Home safety education and provision of safety equipment for injury prevention

Cochrane Database Syst Rev. 2007 Jan 24;(1):CD005014. doi: 10.1002/14651858.CD005014.pub2.


Background: In industrialised countries injuries are the leading cause of childhood death and steep social gradients exist in child injury mortality and morbidity. The majority of injuries in pre-school children occur at home, but there is little meta-analytic evidence that child home safety interventions improve a range of safety practices or reduce injury rates and little evidence on their effect by social group.

Objectives: We evaluated the effectiveness of home safety education, with or without the provision of low cost, discounted or free equipment in increasing home safety practices or reducing child injury rates and whether the effect varied by social group.

Search strategy: We searched The Cochrane Library, MEDLINE, EMBASE, CINAHL, DARE, ASSIA, Psychinfo and Web of Science, plus a range of relevant web sites, conference proceedings and bibliographies. We contacted authors of included studies and surveyed a range of organisations.

Selection criteria: Randomised controlled trials (RCTs), non-randomised controlled trials and controlled before and after studies where home safety education with or without the provision of safety equipment was provided to those aged 19 years and under, which reported safety practices, possession of safety equipment or injury.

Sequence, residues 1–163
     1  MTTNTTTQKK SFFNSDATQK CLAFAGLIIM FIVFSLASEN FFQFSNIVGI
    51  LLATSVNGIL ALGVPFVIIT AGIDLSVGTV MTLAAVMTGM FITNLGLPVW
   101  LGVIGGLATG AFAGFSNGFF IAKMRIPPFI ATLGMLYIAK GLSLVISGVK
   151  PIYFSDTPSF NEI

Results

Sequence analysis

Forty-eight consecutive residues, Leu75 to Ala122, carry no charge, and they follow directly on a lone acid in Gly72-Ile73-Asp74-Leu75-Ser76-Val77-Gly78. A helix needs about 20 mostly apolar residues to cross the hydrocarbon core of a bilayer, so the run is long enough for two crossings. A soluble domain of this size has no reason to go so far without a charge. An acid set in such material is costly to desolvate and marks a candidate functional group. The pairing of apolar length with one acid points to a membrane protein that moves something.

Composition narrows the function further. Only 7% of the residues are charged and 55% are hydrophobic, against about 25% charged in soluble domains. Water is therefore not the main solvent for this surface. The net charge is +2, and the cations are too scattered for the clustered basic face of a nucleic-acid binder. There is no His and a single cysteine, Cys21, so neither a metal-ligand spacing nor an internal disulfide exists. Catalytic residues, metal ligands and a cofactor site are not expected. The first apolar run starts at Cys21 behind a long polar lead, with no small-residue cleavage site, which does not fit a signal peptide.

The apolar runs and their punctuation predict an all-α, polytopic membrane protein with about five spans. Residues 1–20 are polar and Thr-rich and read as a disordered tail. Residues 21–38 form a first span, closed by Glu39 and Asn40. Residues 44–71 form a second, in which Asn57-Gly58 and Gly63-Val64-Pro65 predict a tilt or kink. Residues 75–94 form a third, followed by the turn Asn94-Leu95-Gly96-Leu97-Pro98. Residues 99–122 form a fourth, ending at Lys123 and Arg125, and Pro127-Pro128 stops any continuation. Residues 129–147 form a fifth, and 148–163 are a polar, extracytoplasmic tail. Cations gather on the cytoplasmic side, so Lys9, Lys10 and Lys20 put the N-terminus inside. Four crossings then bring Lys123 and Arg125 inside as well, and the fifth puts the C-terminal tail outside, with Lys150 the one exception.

Data collection and analysis: Two authors independently assessed study quality and extracted data. We attempted to obtain individual participant level data (IPD) for all included studies and summary data and IPD were simultaneoulsy combined in meta-regressions by social and demographic variables.

Main results: Eighty studies were included; 37 of which were included in at least one meta-analysis. Twenty-three (62%) were RCTs and 12 (32%) included in the meta-analysis provided IPD. Home safety education was effective in increasing the proportion of families with safe hot tap water temperatures (OR 1.35, 95% CI 1.01 to 180), functional smoke alarms (OR 1.85, 95% CI 1.24 to 2.75), storing medicines (OR 1.58, 95% CI 1.18 to 2.13) and cleaning products (OR 1.63, 95% CI 1.22 to 2.17) out of reach, syrup of ipecac (OR 3.34, 95% CI 1.50 to 7.44) and poison control centre numbers accessible (OR 3.66, 95% CI 1.84 to 7.27), fitted stair gates (1.26, 95% CI 1.05 to 1.51), socket covers on unused sockets (OR 3.73, 95% CI 1.48 to 9.39) and storing sharp objects out of reach (OR 1.52, 95% CI 1.01 to 2.29). There was a lack of evidence that interventions reduced rates of thermal injuries, poisoning or a range of injuries. There was no consistent evidence that interventions were less effective in families whose children were at greater risk of injury.

Authors' conclusions: Home safety education provided most commonly as one-to-one, face-to-face education, in a clinical setting or at home, especially with the provision of safety equipment is effective in increasing a range of safety practices. There is a lack of evidence regarding its impact on child injury rates. There was no consistent evidence that home safety education, with or without the provision of safety equipment was less effective in those at greater risk of injury.

Publication types

  • Meta-Analysis
  • Review
  • Systematic Review

MeSH terms

  • Accident Prevention / instrumentation
  • Accident Prevention / methods
  • Accidental Falls / prevention & control
  • Accidents, Home / prevention & control*
  • Burns / prevention & control
  • Burns, Electric / prevention & control
  • Child, Preschool
  • Drowning / prevention & control
  • Humans
  • Poisoning / prevention & control
  • Protective Devices*
  • Randomized Controlled Trials as Topic
  • Safety*